Muhammed Badage is 87 years old. He was a sailor for about 30 years, and after retirement, he worked as a carpenter who made large fishing boats in Minicoy Island of Lakshadweep. It was only after mid-March that Muhammed and other residents of the villages on these isolated islands came to know about the pandemic.
However, fortunately, the 10 inhabited tiny islands of Lakshadweep, which has a population of more than 65,000 people, have not reported a single case of coronavirus yet, even though they are geographically close to Kerala and depend on the state for basic necessities.
Many men on these islands, in Minicoy island, work on ships and sail off to other countries. They sign off every six to seven months and travel to their home island via ship from Kochi in Ernakulam district or Beypore in Kozhikode district of Kerala. Medical facilities in the islands are in a primary stage. The government hospitals in each island cannot accommodate more than 20 patients at a time. There are no ventilators, facilities to do medical tests and specialists. Medical emergencies are rushed to Kochi by helicopter. Groceries, vegetables, medicines and other basic necessities have to be brought from Kerala. The islands are blessed with fish and coconuts.
Speaking to TNM, Dr Muneer, a practising Physician and Vice President, Minicoy Village Dweep Panchayat, said, "These islands are vulnerable. A majority of the residents are sailors and work abroad. The land in Mumbai and travel to Kochi before they board a ship to their islands. We were at high risk. Additionally, people here were not aware how serious this pandemic is.”
Dr Muneer also said that Lakshadweep was late to take precautions against the pandemic.
"On March 16, 3,500 passengers came to islands from Kozhikode and Kochi. Among them, 1,000 were Minicoy natives and remaining from the other islands. It was on March 20 that they were asked to remain in home quarantine. Until then, they were free to go anywhere. However, luckily, none of them turned positive," Dr Muneer said.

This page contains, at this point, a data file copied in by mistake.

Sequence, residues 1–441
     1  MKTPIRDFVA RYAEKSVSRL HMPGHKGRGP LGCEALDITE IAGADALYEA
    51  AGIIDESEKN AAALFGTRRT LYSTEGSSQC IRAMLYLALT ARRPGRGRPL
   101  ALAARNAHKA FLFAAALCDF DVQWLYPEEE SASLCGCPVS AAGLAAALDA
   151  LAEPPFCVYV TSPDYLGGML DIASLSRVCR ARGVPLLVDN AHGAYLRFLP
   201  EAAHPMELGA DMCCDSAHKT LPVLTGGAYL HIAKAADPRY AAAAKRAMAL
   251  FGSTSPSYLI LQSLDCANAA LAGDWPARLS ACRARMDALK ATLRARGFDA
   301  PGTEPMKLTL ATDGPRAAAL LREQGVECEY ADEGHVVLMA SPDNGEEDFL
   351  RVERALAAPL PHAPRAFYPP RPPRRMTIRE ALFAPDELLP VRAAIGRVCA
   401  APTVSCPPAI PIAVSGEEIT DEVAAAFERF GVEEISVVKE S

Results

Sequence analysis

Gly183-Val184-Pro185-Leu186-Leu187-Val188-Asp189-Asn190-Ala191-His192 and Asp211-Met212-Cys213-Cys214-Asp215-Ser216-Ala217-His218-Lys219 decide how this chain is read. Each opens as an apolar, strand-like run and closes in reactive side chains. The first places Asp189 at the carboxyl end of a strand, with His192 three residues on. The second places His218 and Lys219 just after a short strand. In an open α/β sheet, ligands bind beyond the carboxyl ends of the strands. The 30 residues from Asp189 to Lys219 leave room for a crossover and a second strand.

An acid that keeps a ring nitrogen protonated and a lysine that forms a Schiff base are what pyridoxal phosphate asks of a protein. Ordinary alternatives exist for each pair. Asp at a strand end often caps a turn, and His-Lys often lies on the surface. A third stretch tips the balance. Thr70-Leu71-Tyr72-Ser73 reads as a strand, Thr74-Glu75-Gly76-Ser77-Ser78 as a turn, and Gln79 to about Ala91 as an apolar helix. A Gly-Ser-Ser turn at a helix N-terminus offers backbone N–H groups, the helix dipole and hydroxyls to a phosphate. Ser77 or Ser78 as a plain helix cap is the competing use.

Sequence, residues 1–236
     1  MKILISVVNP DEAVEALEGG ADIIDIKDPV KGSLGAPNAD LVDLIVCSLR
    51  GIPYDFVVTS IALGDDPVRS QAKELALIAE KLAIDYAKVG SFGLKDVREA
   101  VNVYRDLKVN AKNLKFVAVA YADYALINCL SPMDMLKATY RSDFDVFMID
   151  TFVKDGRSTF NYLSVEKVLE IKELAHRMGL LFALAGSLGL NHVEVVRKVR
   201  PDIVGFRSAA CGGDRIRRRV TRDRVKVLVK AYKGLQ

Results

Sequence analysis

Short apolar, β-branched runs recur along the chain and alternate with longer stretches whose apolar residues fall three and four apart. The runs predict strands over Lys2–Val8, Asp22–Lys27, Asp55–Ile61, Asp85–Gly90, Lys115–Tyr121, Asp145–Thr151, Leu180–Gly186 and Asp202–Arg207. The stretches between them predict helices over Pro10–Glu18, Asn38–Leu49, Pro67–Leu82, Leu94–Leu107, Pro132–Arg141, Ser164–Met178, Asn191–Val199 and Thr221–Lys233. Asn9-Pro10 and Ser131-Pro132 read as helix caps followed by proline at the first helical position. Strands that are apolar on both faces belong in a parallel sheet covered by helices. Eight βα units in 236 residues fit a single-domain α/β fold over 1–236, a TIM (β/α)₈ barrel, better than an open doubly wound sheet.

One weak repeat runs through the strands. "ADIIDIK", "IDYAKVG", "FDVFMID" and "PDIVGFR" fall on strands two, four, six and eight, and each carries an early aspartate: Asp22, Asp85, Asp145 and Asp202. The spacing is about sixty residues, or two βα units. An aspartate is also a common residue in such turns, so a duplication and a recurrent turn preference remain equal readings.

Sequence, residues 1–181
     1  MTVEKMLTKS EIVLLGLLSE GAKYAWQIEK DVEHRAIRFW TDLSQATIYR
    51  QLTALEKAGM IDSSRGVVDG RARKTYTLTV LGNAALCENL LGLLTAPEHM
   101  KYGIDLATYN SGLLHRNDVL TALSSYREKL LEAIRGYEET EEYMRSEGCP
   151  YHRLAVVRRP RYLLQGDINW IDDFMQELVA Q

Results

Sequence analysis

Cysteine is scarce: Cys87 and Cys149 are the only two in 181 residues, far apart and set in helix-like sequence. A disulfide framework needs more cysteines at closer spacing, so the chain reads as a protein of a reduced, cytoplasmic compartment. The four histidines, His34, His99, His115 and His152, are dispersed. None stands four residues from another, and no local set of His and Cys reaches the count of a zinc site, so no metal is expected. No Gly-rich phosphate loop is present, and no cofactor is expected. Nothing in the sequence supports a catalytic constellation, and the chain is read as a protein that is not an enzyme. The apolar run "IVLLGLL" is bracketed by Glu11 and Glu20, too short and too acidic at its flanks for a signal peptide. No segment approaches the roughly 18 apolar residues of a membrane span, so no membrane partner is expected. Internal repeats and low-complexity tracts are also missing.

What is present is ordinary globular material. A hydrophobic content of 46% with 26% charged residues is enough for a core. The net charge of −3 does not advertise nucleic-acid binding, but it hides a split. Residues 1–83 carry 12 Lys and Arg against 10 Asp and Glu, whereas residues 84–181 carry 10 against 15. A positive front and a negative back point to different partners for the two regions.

“More ships arrived on March 26 and 25. The surveillance period of the passengers in these ships is not over yet. Only after their quarantine period is over, on April 10, can we be relieved,” he added.
In case a person shows symptoms, the district administrations have made certain arrangements. “A ship, which is halted near the Minicoy island, will take the person to Kerala for further treatment," he said.
The Union Territory imposed a partial lockdown on March 22 and a complete lockdown on March 25. “We have a very few policemen and few officers of the Indian Reserve Battalion. They are struggling to keep a check on the spread of the disease as many people are not strictly following the lockdown rules," said Dr Muneer.
He added that even before the administration ordered regulations, some people took steps to maintain social distancing, like asking devotees to not attend the Friday masses at churches.
Strict screening helped Lakshadweep
Dr Muneer says if the pandemic hits Lakshadweep, the islands will not have the capacity to handle it.
“Until March 25, there were only a few cases in Ernakulam district, from where a majority of the islanders returned. That could be one of the reasons nobody got infected yet. Others were screened in the airports," he noted.
Dr Mubarak, nodal officer of screening at Kochi naval boarding, also gave similar reasoning — strict screening at the boarding point.
"Now, all passenger ships to the islands have been stopped. In March, we did a temperature screening of all passengers who were returning to islands after a visit to Kerala and allowed them to board. The passengers who came from abroad after signing off from their ships were asked to remain in quarantine for some days in Kochi and only after that, they were allowed to board. They were also clearly directed to remain in home quarantine after reaching their respective islands," explained Dr Mubarak.
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